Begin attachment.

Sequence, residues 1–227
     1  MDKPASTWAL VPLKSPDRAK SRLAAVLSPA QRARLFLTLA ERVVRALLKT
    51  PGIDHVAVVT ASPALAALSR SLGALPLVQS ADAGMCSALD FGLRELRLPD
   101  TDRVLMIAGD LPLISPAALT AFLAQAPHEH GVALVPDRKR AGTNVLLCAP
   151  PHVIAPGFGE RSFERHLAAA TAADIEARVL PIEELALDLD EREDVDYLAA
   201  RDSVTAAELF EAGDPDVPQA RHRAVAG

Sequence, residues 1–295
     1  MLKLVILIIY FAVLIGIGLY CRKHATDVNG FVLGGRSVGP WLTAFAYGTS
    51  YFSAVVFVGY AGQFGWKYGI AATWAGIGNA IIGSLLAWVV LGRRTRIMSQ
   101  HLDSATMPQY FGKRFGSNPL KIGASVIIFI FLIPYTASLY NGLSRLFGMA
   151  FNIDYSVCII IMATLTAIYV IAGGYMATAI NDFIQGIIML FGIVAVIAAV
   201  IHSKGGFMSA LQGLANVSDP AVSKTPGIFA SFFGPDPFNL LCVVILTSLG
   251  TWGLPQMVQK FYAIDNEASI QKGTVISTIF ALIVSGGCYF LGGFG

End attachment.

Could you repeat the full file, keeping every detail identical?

Sequence, residues 1–227
     1  MDKPASTWAL VPLKSPDRAK SRLAAVLSPA QRARLFLTLA ERVVRALLKT
    51  PGIDHVAVVT ASPALAALSR SLGALPLVQS ADAGMCSALD FGLRELRLPD
   101  TDRVLMIAGD LPLISPAALT AFLAQAPHEH GVALVPDRKR AGTNVLLCAP
   151  PHVIAPGFGE RSFERHLAAA TAADIEARVL PIEELALDLD EREDVDYLAA
   201  RDSVTAAELF EAGDPDVPQA RHRAVAG

Sequence, residues 1–295
     1  MLKLVILIIY FAVLIGIGLY CRKHATDVNG FVLGGRSVGP WLTAFAYGTS
    51  YFSAVVFVGY AGQFGWKYGI AATWAGIGNA IIGSLLAWVV LGRRTRIMSQ
   101  HLDSATMPQY FGKRFGSNPL KIGASVIIFI FLIPYTASLY NGLSRLFGMA
   151  FNIDYSVCII IMATLTAIYV IAGGYMATAI NDFIQGIIML FGIVAVIAAV
   201  IHSKGGFMSA LQGLANVSDP AVSKTPGIFA SFFGPDPFNL LCVVILTSLG
   251  TWGLPQMVQK FYAIDNEASI QKGTVISTIF ALIVSGGCYF LGGFG